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Login Name Post: Identification of pistol        (Topic#305298)
Mindaugas 
32 Cal.
Posts: 19
10-22-17 09:43 AM - Post#1648800    


Hello friends,

I would appreciate your help in identification of the pistol. Thank you very much in advance!









Edited by Mindaugas on 10-22-17 09:55 AM. Reason for edit: No reason given.

 
Gemmer 
40 Cal.
Posts: 112
10-22-17 11:01 AM - Post#1648806    

    In response to Mindaugas

i Can’t see your photos.

 
Mindaugas 
32 Cal.
Posts: 19
10-22-17 11:04 AM - Post#1648807    

    In response to Gemmer

I am trying to publish them but unsuccessfully. I have no idea why.

 
Mindaugas 
32 Cal.
Posts: 19
10-22-17 11:08 AM - Post#1648808    

    In response to Mindaugas



 
Mindaugas 
32 Cal.
Posts: 19
10-22-17 11:09 AM - Post#1648809    

    In response to Mindaugas



 
Mindaugas 
32 Cal.
Posts: 19
10-22-17 11:11 AM - Post#1648810    

    In response to Mindaugas







 
Irish Mick 
40 Cal.
Posts: 109
10-22-17 12:18 PM - Post#1648821    

    In response to Mindaugas

Sir,
what you have is a non regulation copy of a British Indian army cavalry pistol.The rampet lion signifies Indian Army property. By the pistols crudeness it was absolutely not manufactured in any of the army arsenals.
I hope that this is of help to you.

-The Irish Mick
Arizona Territory

 
Wes/Tex 
Cannon
Posts: 7787
Wes/Tex
10-22-17 01:52 PM - Post#1648829    

    In response to Mindaugas

Once upon a time it was a functioning EIC made version of the New Land Pattern Cavalry Pistol originally introduced in 1796. It was copied by the Honorable "East India Company and was traded and sold throughout southern Asia. Somewhere along the way, yours has had it's swivel ramrod assembly removed and the front band attached with a screw. The lock markings have been restamped to fit in with someone's desires and obviously, lock parts are missing.

There was a naval version produced and copies wee made in Belgium for their use or sale. Later there were conversions to percussion as well as s pure percussion version that served until after the India Mutiny era. This is what it originally looked like.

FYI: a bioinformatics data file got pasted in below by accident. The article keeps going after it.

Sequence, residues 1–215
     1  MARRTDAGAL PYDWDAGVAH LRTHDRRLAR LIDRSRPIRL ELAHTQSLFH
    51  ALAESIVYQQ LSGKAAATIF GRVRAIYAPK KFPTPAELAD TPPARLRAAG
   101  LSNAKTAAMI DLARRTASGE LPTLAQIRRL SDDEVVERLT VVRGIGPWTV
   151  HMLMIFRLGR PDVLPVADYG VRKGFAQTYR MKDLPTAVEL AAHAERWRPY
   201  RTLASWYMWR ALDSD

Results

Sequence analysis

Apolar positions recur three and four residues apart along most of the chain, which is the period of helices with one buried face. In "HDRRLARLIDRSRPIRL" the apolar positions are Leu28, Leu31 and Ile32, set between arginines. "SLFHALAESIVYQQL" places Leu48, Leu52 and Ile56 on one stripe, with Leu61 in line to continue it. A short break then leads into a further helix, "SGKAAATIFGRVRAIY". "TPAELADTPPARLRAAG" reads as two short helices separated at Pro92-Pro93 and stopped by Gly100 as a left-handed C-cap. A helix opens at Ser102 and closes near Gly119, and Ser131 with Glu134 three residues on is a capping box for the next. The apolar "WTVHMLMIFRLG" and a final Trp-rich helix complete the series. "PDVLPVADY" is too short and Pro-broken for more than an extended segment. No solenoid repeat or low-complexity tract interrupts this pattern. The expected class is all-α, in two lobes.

http://media.liveauctiongroup.net/i/8347/9752045_1.jpg?v=8CD...

https://s-media-cache-ak0.pinimg.com/originals/e9/d6/ef/e9d6...


This is the later Pattern 1858 Cavalry Service Pistol (India Pattern)

http://images.yuku.com/image/jpg/881369b06301b662feeedba0784...

 
Mindaugas 
32 Cal.
Posts: 19
10-23-17 03:13 AM - Post#1648890    

    In response to Wes/Tex

Thank you very much!

 
Mindaugas 
32 Cal.
Posts: 19
10-23-17 03:13 AM - Post#1648891    

    In response to Irish Mick

Thanks a lot!

 
Va.Manuf.06 
58 Cal.
Posts: 2406
10-23-17 11:01 AM - Post#1648914    

    In response to Mindaugas

Sorry Mindaugus, what you have is a crude copy of an EIC pistol. The East India Company weapons were manufactured in England and of a quality equal to, if not better than, British military arms.

 
Pete44ru 
45 Cal.
Posts: 653
Pete44ru
10-24-17 07:41 PM - Post#1649095    

    In response to Mindaugas

  • Mindaugas Said:




Many firearms were made like this, from materials at hand & copied from whatever, by various native tribal "gunsmiths", most notably in the mountains of the various "stan's" (Pakistan, Afghanistan, Uzbekistan, Kyrgyzstan, Tajikistan, Kazakhstan, etc, etc).

 
Heelerau 
45 Cal.
Posts: 543
10-27-17 05:06 PM - Post#1649380    

    In response to Pete44ru

Ditto, unfortunately

 
ricky 
58 Cal.
Posts: 2012
10-28-17 02:56 PM - Post#1649516    

    In response to Heelerau

Yes, agree with the above. It is a crude copy likely made in Afghanistan. Sometimes loosely called a Kyber Pass gun. The marks on the barrel and lock are spurios, crude attempt to duplicate British East India Company marks. Some of these were made to shoot (although I wouldn't) and some were made for the tourist market.
Rick

 
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